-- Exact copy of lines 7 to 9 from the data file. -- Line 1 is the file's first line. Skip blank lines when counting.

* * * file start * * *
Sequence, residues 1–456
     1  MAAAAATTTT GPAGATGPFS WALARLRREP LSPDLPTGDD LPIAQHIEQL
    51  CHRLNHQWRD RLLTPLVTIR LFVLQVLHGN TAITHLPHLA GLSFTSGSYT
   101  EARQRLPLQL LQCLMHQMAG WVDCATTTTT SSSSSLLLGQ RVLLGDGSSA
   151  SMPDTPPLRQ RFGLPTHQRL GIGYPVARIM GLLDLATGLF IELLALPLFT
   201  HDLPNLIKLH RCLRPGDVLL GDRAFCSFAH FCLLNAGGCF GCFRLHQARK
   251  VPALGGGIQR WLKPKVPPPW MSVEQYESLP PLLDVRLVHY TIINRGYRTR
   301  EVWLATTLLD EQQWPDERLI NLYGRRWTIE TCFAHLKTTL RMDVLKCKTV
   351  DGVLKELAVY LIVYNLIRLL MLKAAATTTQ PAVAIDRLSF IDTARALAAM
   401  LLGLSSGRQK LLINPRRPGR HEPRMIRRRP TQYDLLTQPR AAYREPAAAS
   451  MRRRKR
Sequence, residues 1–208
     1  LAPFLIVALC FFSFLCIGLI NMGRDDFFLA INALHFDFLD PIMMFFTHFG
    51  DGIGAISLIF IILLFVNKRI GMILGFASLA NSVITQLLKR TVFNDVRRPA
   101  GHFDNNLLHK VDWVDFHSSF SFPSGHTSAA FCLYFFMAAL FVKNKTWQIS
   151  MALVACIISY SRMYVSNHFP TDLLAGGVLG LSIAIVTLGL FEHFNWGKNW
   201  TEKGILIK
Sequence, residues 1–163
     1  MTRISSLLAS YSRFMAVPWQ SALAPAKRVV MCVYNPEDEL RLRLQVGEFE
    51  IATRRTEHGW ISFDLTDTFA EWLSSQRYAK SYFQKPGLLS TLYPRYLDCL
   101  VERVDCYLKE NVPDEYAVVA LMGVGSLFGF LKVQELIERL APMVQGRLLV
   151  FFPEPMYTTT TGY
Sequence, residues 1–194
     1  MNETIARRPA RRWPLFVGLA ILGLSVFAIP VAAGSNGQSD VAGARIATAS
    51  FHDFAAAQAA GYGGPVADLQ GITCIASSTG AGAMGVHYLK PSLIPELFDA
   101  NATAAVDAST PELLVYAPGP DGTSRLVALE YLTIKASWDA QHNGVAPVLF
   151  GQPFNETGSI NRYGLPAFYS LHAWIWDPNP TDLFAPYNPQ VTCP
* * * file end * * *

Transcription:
   251  VPALGGGIQR WLKPKVPPPW MSVEQYESLP PLLDVRLVHY TIINRGYRTR
   301  EVWLATTLLD EQQWPDERLI NLYGRRWTIE TCFAHLKTTL RMDVLKCKTV
   351  DGVLKELAVY LIVYNLIRLL MLKAAATTTQ PAVAIDRLSF IDTARALAAM